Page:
Astronomers in Arizona and worldwide are running a “planetary defense drill” to practice how to deal with an asteroid impact. It’s the first time they’ve used a real asteroid. KNAU’s Melissa Sevigny reports.
The asteroid does not pose a threat as it safely passes the Earth today at a distance closer than the Moon. Vishnu Reddy of the University of Arizona leads the international team. He proposed using the opportunity to see how well astronomers can coordinate a response.
"Communication is such a huge factor when you’re dealing with natural hazards," Reddy says. "So I thought, the more we coordinate as one planet, the better prepared we will be to face a common threat."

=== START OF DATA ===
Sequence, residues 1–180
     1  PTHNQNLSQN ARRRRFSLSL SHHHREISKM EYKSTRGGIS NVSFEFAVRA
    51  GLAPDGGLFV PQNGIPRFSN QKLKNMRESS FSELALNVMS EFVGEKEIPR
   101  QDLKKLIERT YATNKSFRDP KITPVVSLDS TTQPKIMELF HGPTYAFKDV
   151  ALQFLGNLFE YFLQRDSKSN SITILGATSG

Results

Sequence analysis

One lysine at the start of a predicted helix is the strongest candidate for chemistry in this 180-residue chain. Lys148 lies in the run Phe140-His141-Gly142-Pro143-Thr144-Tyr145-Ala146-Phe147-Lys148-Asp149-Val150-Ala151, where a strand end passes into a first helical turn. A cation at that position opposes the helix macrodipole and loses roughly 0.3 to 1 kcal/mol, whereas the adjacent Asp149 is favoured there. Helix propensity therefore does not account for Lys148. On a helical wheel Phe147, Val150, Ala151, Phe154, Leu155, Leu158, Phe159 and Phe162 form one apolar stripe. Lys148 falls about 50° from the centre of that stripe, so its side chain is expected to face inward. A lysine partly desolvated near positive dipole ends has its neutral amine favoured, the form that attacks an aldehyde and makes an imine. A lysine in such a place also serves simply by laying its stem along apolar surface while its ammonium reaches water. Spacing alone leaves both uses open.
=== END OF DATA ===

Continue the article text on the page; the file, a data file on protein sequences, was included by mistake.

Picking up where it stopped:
Dozens of scientists around the world are participating in the drill. They’ll study the asteroid’s size, orbit and composition as it passes Earth and communicate that information to NASA managers.
David Trilling of Northern Arizona University is involved in the campaign. He says, "Part of the reason we do this work as astronomers is to prepare for the small chance that a big asteroid is coming, and we need to help protect society."
Astronomers are using about 20 observatories worldwide to watch the asteroid, including Lowell Observatory’s Discovery Channel Telescope in Happy Jack.